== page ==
The two Russias

It contains everything that is known about anti-communist and anti-totalitarian resistance in the Soviet Union. As such, The Two Russias is the first of its kind.
The publication of this book marks a watershed event for the study of 20th century Russian history. The book's principal focus is the period beginning with the Bolshevik coup and ending with the collapse of the Soviet Union. The book was written by Boris Pushkaryov, director of the publishing house Posev, together with a number of young historians. It portrays the panorama of events of an entire epoch, extending into the post-Soviet period.

The Two Russias encompasses not only the country's internal processes and foreign policy but the history of resistance encountered by Soviet ideologues. Arguing in favor of a new, non-traditional view of Russian history, the authors remark: "Over the course of seventy-seven years, side by side with Soviet Russia there existed `another Russia', first White and insurgent, then `the Russia of Kolyma and Solovki' [two of Stalin's most notorious labor camps], then the country under occupation during the Second World War, and throughout all these years the Russia underground and in emigration."

This book presents a detailed analysis of the historical processes that led to the events of 1905, when an unsuccessful attempt at revolution took place, then to the February revolution of 1917 followed by the October coup. Pushkaryov has collected various articles by émigrés and foreign Sovietologists that run counter to official Soviet historiography - works devoted to the struggle of the Whites, the Vlasov movement (named for the Soviet general who, after capture by the Nazis, began collaborating with them), popular rebellions and the Red Terror, Stalin's repressions and the Soviet dissident movement. Even if one disagrees with certain of the authors' conclusions, one has to admit that they have done a conscientious job of laying out the verified facts. Their book also has many illustrations, tables of statistics and a meticulous chronology of the 77 years. In this respect, it is an invaluable reference book.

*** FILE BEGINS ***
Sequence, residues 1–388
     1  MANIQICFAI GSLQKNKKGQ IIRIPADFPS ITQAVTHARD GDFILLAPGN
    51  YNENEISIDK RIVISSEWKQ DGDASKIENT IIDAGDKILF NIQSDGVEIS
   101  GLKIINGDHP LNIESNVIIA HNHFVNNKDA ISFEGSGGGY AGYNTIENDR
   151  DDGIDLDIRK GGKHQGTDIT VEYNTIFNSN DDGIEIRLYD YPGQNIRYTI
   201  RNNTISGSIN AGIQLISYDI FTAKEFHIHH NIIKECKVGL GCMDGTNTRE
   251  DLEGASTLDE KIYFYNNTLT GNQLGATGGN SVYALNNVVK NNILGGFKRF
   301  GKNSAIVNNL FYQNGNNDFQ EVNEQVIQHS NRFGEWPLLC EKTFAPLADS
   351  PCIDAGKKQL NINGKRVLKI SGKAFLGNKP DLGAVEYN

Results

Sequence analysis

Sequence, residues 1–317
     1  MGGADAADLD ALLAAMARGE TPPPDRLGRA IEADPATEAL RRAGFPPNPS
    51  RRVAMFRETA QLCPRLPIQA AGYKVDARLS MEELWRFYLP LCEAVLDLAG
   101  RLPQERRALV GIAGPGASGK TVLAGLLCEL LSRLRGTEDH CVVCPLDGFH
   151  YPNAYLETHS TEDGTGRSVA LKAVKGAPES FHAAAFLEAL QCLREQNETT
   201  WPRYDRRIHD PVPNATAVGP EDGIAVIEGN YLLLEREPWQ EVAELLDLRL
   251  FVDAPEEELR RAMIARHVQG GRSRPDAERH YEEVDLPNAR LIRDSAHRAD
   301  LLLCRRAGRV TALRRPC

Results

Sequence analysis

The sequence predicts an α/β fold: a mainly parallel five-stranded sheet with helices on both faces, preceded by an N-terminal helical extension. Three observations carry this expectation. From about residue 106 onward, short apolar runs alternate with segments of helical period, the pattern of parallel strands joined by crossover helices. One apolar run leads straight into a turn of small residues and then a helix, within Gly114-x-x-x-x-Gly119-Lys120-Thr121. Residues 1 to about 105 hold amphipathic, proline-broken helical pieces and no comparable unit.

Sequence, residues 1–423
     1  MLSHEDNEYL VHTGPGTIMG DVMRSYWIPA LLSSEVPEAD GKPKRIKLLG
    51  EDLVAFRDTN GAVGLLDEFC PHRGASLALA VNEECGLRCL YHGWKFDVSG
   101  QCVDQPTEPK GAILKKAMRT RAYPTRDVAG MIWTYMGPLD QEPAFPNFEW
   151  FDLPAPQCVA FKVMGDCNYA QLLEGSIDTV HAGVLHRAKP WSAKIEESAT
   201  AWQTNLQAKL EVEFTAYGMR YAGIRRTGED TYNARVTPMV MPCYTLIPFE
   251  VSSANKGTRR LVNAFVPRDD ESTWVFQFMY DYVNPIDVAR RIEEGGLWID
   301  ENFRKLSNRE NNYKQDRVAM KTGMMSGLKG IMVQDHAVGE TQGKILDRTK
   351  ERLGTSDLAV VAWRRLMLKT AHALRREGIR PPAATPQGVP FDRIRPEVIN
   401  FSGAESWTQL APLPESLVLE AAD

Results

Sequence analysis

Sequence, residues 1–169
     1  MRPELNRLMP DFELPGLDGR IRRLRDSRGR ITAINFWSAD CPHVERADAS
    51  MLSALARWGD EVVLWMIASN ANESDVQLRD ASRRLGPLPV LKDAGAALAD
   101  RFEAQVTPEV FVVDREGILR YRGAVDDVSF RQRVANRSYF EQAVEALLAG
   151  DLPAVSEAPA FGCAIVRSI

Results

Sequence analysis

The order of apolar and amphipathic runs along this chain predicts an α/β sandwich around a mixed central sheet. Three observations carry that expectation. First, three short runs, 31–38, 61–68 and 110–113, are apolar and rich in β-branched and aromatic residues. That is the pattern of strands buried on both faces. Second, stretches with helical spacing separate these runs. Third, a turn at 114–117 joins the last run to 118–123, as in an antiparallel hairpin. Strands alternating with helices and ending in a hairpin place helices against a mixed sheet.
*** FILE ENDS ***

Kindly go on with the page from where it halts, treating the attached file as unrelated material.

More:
"I would recommend this book to students as a textbook," says Academician Yuri Afanasiev, a doctor of history. "I am very satisfied by the new sections on everyday life in the Soviet Union and on the resistance movement. No one has ever talked about this before. And the [Second World] War is presented in an untraditional way."

Traditionally, Russian textbooks on 20th century Russian history describe it as the history of the Soviet State. The Two Russias offers a new, alternative perspective on this period, one that is indispensable to understanding our past and determining the vector of our future development.

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